Plasmodium falciparum (the main causative agent of malaria) and other Plasmodium species have a very complex life cycle, with stages in the female host Anopheles mosquito, in the human liver, and in the human circulatory system, where it primarily resides in the erythrocytes (red blood cells, or RBCs):
During a blood meal, a malaria-infected mosquito injects sporozoites in its saliva into the human host (1). Sporozoites travel through the circulatory system and first infect hepatocytes (liver cells) (2, stage A) and mature into schizonts (3), which rupture and release merozoites (4). After this initial replication in the liver (exo-erythrocytic schizogony (A), which can last a minimum of 5.5 days), the parasites undergo asexual multiplication in the erythrocytes (erythrocytic schizogony (stage B)). Merozoites leave the liver and enter the circulatory system where they infect red blood cells (5). The ring stage trophozoites mature into schizonts, which rupture releasing more merozoites, which continue the cycle of infection of RBCs (6). Some immature trophozoites, in the so-called "ring stage," differentiate into sexual erythrocytic stages (gametocytes) (7). Blood stage parasites are responsible for the clinical manifestations of the disease.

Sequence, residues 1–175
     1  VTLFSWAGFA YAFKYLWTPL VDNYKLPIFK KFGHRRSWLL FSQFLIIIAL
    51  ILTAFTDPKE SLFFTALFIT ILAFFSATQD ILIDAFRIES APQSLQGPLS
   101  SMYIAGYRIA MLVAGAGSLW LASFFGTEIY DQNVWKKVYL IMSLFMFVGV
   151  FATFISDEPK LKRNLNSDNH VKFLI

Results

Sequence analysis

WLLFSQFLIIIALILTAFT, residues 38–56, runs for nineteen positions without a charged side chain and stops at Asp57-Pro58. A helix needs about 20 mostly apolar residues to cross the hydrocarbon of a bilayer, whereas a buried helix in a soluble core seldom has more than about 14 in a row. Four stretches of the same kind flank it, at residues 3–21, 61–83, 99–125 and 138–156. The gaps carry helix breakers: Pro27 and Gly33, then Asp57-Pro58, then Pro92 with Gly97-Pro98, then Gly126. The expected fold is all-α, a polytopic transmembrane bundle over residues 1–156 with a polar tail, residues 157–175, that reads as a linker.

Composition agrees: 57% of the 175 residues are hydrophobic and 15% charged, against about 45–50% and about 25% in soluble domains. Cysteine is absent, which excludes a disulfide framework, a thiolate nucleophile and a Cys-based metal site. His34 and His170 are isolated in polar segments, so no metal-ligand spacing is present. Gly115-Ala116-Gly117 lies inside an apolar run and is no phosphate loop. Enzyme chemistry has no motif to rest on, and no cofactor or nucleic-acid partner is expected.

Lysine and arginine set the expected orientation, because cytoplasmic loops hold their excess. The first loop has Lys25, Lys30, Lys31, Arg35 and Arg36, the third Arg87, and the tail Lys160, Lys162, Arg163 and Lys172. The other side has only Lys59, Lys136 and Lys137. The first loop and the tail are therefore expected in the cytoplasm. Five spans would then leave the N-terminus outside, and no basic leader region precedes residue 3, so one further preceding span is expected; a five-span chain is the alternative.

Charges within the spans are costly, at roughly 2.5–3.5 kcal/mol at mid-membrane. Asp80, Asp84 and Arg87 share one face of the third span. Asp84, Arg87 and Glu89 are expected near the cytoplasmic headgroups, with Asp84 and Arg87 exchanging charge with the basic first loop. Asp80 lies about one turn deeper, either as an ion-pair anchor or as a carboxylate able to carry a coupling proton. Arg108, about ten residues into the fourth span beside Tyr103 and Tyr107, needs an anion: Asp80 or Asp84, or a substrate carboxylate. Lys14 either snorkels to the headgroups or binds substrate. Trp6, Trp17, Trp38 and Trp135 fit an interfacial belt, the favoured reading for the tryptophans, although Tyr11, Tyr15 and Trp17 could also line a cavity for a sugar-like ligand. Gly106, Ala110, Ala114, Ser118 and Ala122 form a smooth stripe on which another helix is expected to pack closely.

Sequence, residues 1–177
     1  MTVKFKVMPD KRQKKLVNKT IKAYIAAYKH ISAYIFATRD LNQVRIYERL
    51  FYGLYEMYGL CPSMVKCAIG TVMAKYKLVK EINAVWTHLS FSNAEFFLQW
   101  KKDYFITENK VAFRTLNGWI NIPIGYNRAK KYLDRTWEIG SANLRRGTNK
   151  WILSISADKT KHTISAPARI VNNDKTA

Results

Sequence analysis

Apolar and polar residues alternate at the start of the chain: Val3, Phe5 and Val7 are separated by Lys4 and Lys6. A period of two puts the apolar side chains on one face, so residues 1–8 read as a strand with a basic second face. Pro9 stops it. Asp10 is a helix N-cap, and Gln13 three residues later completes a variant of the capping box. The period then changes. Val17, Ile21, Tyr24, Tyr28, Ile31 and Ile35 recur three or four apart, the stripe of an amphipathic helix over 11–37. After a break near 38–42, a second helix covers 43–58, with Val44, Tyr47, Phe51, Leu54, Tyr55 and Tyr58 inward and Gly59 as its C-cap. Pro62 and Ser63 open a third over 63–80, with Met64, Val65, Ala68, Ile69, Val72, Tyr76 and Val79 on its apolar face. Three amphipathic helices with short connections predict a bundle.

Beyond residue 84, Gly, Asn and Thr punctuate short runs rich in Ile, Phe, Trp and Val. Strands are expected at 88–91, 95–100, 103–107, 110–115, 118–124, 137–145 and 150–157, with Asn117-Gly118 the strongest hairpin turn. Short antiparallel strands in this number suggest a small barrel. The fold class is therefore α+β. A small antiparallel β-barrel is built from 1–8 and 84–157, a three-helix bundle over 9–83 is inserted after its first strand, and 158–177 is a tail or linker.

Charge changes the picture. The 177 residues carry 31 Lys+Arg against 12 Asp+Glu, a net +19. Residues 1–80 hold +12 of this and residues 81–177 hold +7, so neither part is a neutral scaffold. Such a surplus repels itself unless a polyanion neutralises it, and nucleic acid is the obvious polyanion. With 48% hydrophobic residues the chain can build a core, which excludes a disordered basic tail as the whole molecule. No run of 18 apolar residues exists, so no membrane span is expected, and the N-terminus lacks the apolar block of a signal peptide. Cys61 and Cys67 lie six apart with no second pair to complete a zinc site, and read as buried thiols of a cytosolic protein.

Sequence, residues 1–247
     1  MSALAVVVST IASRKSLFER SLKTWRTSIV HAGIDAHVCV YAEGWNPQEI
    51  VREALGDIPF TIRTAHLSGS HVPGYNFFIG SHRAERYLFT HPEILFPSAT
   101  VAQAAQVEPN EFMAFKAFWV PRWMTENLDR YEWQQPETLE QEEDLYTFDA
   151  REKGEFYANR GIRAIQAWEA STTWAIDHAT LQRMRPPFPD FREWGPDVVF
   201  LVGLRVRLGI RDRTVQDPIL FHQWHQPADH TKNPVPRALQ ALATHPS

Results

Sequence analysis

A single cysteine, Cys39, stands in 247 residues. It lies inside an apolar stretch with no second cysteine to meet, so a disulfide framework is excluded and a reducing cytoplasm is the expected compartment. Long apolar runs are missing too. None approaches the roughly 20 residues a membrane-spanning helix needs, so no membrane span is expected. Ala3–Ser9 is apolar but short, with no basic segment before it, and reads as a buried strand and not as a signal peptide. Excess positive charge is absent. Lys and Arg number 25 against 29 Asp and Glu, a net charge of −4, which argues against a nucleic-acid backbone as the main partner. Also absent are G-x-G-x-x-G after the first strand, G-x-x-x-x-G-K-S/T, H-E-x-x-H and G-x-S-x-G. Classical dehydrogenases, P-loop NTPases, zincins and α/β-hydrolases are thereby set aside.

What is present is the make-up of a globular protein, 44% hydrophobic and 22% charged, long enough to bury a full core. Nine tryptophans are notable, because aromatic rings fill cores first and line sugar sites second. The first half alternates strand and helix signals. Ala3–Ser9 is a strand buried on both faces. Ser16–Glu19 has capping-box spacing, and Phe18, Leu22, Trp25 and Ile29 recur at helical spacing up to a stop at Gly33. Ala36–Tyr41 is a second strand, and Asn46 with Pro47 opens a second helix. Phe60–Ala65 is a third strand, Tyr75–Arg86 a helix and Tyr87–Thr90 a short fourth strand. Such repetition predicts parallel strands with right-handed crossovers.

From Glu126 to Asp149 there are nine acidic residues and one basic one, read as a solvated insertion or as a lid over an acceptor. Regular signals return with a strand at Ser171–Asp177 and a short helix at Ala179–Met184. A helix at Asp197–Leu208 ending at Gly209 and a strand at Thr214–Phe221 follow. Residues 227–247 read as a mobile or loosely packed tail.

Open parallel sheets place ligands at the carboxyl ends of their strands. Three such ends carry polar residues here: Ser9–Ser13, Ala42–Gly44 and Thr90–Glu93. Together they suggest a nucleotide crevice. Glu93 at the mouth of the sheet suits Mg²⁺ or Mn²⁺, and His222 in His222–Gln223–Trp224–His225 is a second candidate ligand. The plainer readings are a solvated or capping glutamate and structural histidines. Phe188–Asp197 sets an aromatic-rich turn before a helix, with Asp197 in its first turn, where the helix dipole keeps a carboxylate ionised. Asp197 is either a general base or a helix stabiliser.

It is important to note here (in answer to your question) that while the male and female gametocytes are formed at this stage in the human (the equivalent of meiosis), sexual reproduction does not occur until the micro and macrogametocytes are taken up by a mosquito.
The male (microgametocytes) and female (macrogametocytes) gametocytes are ingested by a female Anopheles mosquito during a blood meal (8) - only female mosquitoes (of pretty much any species) drink blood. The parasites' multiplication in the mosquito is known as the sporogonic cycle (stage C). While in the mosquito's stomach, the microgametes penetrate the macrogametes generating zygotes (9). The zygotes in turn become motile and elongated (ookinetes) (10) which invade the midgut wall of the mosquito where they develop into oocysts (11). The oocysts grow, rupture, and release sporozoites (12), which make their way to the mosquito's salivary glands. Inoculation of the sporozoites into a new human host perpetuates the malaria life cycle (1).
The Centers for Disease Control and Prevention: Malaria
Wikipedia: Plasmodium falciparum biology